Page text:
By Ken Rigby
Bullying is now broadly recognized as a significant challenge that aff ects many childrens in colleges. it could actually take many varieties, together with direct verbal and actual harassment and oblique types similar to planned exclusion and the focusing on of people utilizing cyber technology.
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You can invite students who have problems to speak with someone who can help them. Indeed, it is unethical to go further than this. The individual student must choose. The teacher’s responsibility is to work towards providing a climate and a sense of trust in which the students can feel confident in getting the help they need. Can we really trust questionnaire information? While we recognise that individual students may sometimes provide misleading answers, we need to bear in mind that the aim of the questionnaire approach is to obtain a reasonable estimate of what is going on.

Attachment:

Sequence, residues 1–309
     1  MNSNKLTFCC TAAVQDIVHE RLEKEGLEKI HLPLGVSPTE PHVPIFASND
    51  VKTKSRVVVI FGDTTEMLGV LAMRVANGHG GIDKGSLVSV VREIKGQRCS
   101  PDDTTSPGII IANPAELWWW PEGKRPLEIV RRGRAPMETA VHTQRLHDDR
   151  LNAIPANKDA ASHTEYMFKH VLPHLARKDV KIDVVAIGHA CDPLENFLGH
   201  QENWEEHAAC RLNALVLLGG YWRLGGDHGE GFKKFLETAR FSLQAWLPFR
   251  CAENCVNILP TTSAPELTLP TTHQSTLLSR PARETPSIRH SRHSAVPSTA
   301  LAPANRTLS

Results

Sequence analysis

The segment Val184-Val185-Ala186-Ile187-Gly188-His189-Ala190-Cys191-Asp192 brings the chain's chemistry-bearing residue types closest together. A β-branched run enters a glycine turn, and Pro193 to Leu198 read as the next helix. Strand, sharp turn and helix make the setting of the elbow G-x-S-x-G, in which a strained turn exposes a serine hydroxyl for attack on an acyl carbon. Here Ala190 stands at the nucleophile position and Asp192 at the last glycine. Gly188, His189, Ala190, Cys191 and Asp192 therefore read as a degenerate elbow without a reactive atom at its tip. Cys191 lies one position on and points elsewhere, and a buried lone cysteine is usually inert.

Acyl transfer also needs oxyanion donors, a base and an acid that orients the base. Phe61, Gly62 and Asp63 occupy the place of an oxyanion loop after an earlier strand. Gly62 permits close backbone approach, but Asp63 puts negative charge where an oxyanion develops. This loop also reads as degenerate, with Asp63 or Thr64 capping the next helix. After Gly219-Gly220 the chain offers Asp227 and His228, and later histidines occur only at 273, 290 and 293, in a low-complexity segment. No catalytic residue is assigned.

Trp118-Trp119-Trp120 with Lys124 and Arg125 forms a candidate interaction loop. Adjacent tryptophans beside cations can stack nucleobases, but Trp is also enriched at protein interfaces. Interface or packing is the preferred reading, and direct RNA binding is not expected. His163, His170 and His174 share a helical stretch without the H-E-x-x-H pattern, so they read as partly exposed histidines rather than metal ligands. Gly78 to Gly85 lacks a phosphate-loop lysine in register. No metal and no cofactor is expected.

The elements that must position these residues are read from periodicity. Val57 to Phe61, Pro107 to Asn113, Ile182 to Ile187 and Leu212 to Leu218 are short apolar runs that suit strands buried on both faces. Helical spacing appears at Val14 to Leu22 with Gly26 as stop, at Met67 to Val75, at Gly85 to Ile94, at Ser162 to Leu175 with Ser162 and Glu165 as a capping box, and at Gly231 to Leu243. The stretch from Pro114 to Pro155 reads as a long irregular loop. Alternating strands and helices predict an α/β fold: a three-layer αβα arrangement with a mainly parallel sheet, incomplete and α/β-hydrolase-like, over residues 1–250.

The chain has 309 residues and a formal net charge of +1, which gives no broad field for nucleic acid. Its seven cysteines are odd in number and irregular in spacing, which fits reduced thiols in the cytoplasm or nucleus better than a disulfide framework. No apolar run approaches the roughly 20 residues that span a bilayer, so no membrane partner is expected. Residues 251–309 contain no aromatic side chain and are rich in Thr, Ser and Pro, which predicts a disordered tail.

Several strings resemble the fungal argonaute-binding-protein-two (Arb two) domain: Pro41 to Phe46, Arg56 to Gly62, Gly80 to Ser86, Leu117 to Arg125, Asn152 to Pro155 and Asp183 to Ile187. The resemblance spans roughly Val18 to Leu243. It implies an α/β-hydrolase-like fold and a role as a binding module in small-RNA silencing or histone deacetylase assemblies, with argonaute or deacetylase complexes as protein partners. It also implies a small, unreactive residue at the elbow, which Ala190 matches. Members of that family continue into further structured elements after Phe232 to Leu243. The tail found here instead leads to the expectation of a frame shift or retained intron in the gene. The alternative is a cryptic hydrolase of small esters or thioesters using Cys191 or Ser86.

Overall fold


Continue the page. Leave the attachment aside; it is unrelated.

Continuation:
About four students in five believe that the school is, in fact, not a safe place for such children. 7 Rigby and Slee (1995) Among both boys and girls less than 20 per cent see the school as a ‘safe place’ for vulnerable students. To ascertain whether there was much variation between schools in perceived safety, I compared eight coeducational high schools for which there was data for practically the entire student populations. In each case, the numbers exceeded 200. qxd 19/9/07 12:45 PM Page 45 WHAT IS GOING ON IN SCHOOLS?
A confession—my own experience A few years ago, I was taking a tutorial class at the University of South Australia on research methodology in which a young man read a paper he had carefully written on aspects of the scientific method; not a good paper in my opinion. ’ Bewildered by this astonishing regression into childishness, flabbergasted in fact, I appealed to the group. Surely, I wasn’t picking on him. ‘Yes, you are’, was the verdict. The student was ‘in a corner’; he couldn’t defend himself (he was trying to defend himself, not his arguments); and he was suffering dreadfully.